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RAN, at 25, Keeps After the Banks

As Rainforest Action Network turns 25, new director Rebecca Tarbotton says they are fighting 'the biggest battle that has ever been fought.'

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DH: You’re quoted somewhere saying that one of the things you like is 'rattling the cage of corporations.' What does it take to rattle the cage?

RT: It’s interesting how easy it is to rattle the cage of a big corporation. I think what makes RAN really unique is that we don’t just do an all-full-frontal assault. We actually identify, very strategically, the leverage points that we can use to get the biggest effect. We are only 35 people; we are not a big dog. So that’s the  reason we are able to punch above our weight class.

We’re really careful about where we point our spear. For instance, we were working on mountaintop removal, when we first tried to get it on the radar of JP Morgan Chase. They said to me "It is not our job; we are a bank." (Most banks say that about everything, actually.) And we found out their entire employee registry and phone members associated with them. We had our members do an action alert and call through to every single employee, and by the time the day was over I think that every employee had gotten three or four calls at their work desk from RAN activists, saying "we’re really concerned about mountaintop removal."

JP Morgan Chase was furious, and it was because we identified a point; we managed to get inside with a minimum of resources on our part and make a maximum impact. It was inspiring to our members because they got to call people and explain an issue to them that was actually a concern to them and the people were very receptive. They don’t know what JP Morgan Chase is doing on mountaintop removal. So it quickly got up to the top level.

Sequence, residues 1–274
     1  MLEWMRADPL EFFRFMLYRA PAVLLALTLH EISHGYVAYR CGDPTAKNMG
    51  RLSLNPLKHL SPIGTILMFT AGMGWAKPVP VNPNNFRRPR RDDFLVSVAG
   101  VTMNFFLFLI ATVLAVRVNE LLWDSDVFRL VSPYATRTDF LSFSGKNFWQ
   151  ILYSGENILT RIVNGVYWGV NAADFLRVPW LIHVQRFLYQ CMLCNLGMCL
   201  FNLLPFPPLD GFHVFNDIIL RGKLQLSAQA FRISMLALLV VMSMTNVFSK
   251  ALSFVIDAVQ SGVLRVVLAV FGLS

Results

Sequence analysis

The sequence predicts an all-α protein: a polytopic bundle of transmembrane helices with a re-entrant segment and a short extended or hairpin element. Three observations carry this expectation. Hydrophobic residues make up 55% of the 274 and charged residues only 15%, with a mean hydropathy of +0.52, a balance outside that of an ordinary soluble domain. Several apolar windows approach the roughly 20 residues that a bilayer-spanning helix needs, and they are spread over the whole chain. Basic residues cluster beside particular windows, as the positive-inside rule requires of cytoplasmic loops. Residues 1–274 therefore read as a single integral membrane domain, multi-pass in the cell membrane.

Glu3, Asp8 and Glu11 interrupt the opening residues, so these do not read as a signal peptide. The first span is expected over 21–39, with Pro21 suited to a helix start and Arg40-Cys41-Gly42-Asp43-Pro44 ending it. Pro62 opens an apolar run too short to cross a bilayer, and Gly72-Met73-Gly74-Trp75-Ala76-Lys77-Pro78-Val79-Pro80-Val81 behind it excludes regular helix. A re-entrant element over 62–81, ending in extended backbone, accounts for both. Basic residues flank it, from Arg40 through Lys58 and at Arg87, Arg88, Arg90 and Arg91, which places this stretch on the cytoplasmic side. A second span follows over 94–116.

Usually what rattles a cage is when senior management hears about something. And it’s not always what you’d expect. But it can be as simple as showing up at somebody’s door.

DH: Have you always had chutzpah? Have you grown into this notion of putting a stick in the eye of corporations or does it come natural to you?

RT: I grew up with a really strong sense of justice, but I don’t actually know where it came from exactly. I grew up doing things like peace marches, and every time I tell that to people I feel like it sounds like a cliché.. I grew up in Vancouver, BC. It’s a liberal, very progressive city in Canada. I grew up with a very strong sense of social democracy.

But I always grew up with a couple of possibly sounding contradictory feelings that I don’t feel actually are contradictory. I have always felt passionately about speaking truth to power and not being afraid to say what you see is a wrong, and confronting issues head on. But I have always also valued communication. So RAN’s "inside-outside" strategy is something that really appeals to me and feels very personal to me. I very much identify that RAN never goes to bang down a door until we have attempted to sit down at a table politely with a company.

DH: Are you different from CodePink in that way?

RT: CodePink is superb at getting on the radar of their target, superb. I don’t actually know a lot about how they do their negotiation side of things. I think that CodePink is always so great at really drawing attention to an issue, and they have managed to really create a brand that specifically identifies with that, so I have a lot of respect for the way they do that.

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